3D Printing isn’t exactly harmful, but just like any other industry, there are a lot of waste products and emissions from 3D Printing that impacts our environment. As people are now realizing the effects of their carbon footprints we can take a few steps to ensure that taking the greenest way out!
As a 3D printing community, there are a few small steps all of us can take to make 3D printing as sustainable and eco-friendly as possible. You won’t regret it!
1) Recycle your filament at home!
Many times you’ll find yourself wishing you could recycle your failed prints, or other waste ABS material. And guess what? You absolutely can! ABS may not be biodegradable but it can definitely be recycled and investing in a good recycler is not only better for your print but good for the planet too.
A filament recycler grinds up your old print or household plastic and turns it into filament that can be used for new prints. And since ABS is a thermoplastic, it makes for the perfect filament which you can re-use even after being heated before. So why keep spending on filament when you can just recycle your failed prints and waste plastic?
There are many different filament grinders and extruders available as well as machines that do both like the Protocycler. If you’re looking for something more on the budget then buy the shredders and extruders separately- Filabot, Recyclebot, and Shred-Buddy are some cool examples to check out!
It’s important to remember that you shouldn’t mix different types of filament while recycling as it can result in low print quality.
2) Opt for bio-degradable and eco-friendly filaments
Though PLA is bio-degradable, it still contains many chemicals that aren’t good for the soil. A better alternative would be opting for more sustainable filaments that are readily available online. And no these filaments aren’t made from your basic materials. Did you know there are eco-friendly filaments made of coffee, bamboo, and even beer?
Not a lot of people are aware that these filaments even exist. To know more, read our blog post about these mind-blowing eco-friendly filaments. Apart from them, another note-worthy filament is the Willow Flex compostable by both EU and USA compostability standards.
3. Use Dissolvable Supports like PVA
Supports are great for holding your prints up but did you know that most of the 3D printing waste comes from thrown away support materials? We know its impossible to stop using supports, especially with prints that contain overhangs but how about using other materials?
Opt for a water-soluble PVA filament for your supports which not only dissolve completely when exposed to water but will also avoid excess waste. Apart from that, it’s much easier than manually breaking off supports and you get a clean print-surface too!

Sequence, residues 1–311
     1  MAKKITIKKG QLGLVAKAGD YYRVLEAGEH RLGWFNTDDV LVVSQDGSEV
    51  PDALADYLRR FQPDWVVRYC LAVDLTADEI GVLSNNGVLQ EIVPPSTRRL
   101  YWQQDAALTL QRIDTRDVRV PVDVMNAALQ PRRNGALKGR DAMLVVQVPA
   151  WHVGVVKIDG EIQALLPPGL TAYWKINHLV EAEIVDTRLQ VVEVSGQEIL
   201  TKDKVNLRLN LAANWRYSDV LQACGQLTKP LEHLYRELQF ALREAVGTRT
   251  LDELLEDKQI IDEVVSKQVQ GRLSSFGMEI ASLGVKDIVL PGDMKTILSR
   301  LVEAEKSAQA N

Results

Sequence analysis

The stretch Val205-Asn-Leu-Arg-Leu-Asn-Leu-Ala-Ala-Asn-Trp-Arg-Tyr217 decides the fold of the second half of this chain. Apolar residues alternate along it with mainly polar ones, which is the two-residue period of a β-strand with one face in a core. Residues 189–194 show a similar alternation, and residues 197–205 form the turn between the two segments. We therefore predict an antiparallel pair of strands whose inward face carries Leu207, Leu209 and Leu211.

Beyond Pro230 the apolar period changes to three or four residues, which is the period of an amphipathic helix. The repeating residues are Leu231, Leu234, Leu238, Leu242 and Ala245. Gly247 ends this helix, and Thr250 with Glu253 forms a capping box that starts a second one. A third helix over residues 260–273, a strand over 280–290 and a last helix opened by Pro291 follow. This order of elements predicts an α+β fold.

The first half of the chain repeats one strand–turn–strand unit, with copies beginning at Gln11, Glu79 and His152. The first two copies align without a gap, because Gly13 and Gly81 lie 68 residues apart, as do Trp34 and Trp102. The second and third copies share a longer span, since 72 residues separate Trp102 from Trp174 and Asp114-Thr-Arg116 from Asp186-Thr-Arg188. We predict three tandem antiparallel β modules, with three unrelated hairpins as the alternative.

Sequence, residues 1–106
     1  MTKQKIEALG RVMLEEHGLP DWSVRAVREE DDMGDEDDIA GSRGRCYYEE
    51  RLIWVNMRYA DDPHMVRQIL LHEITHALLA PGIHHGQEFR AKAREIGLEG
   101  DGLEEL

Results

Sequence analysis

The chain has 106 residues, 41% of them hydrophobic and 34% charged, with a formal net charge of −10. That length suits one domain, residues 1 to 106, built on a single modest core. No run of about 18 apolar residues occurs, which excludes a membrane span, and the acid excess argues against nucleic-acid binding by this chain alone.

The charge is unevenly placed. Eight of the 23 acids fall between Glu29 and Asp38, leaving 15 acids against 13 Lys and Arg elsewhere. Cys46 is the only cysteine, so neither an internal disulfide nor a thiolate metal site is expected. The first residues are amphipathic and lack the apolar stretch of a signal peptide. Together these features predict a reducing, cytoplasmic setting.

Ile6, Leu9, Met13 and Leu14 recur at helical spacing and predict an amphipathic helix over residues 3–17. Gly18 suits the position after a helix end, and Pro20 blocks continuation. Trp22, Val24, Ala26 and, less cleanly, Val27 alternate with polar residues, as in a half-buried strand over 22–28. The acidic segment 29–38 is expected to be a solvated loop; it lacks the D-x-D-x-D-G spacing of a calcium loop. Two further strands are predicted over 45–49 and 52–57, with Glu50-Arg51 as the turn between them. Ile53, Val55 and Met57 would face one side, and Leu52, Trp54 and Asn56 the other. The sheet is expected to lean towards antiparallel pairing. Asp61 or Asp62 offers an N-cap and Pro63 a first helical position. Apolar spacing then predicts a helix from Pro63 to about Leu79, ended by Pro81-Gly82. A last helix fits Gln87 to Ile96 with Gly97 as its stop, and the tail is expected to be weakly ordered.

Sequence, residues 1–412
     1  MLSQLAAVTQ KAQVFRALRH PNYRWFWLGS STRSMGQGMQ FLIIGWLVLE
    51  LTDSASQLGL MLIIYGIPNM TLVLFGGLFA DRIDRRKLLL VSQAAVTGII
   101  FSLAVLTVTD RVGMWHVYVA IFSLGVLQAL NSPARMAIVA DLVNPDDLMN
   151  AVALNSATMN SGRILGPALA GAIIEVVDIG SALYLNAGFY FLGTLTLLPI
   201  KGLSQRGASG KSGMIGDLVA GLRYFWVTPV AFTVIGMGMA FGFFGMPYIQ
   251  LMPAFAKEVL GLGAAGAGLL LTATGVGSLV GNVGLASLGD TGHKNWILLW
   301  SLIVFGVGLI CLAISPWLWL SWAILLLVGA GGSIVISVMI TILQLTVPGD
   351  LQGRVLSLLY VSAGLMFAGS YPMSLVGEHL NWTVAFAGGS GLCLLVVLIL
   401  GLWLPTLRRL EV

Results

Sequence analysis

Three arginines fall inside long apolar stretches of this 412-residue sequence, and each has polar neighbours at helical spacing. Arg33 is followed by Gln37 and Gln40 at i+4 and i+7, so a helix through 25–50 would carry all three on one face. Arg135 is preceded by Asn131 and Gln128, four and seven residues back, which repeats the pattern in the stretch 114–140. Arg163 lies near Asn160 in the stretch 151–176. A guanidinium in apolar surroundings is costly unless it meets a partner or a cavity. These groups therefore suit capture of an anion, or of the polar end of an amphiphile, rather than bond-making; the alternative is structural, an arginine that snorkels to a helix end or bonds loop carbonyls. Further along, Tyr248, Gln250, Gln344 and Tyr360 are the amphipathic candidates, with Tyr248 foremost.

You will, however, need a dual extrusion printer for using the PVA supports. Another great material is HIPS (High Impact Polystyrene) which dissolves in Limonene solution.
4) Combine your leftover filament to make something out-of-the-box
An amazing tool for combining leftover or broken off filament strings is EasyWelder. It’s typically a welder for filaments and by placing the ends of the two filaments within the clamp, you press down and voila- a new filament is born.
You can join two filaments of a different color to make a hybrid filament that, when printed, results in a multicolor object.
Though the EasyWelder isn’t very expensive, there is another way to do this. Just keep feeding extra filament into your printer continuously to create a multi-colored model. The cons of this method are you can’t pause the printer and it’s important to use the same type of filament and same print settings.
5) Build an enclosure for your 3D printer
Let’s be honest, a very small percentage of us actually use an enclosure for our 3D Printers. Although the fumes released during 3D printing won’t kill you- they’re definitely not great for your health.
And since many of us use our 3D printers straight from our very homes, becomes even more important to keep our environment safe and fume-free. Hence enclosures are a great way to print without worrying about inhaling these fumes or leaking them into the air. Check out Robert Sojak’s easy guide on how to make your very own enclosure.
All in all, something as small as changing your filament or recycling your old filament can have a big impact on our environment, especially since the 3D printing community is so vast and ever-growing. Let’s help make some good changes!
Credits- etsy.com, robertsojak.com, ultimaker.com, redetec.com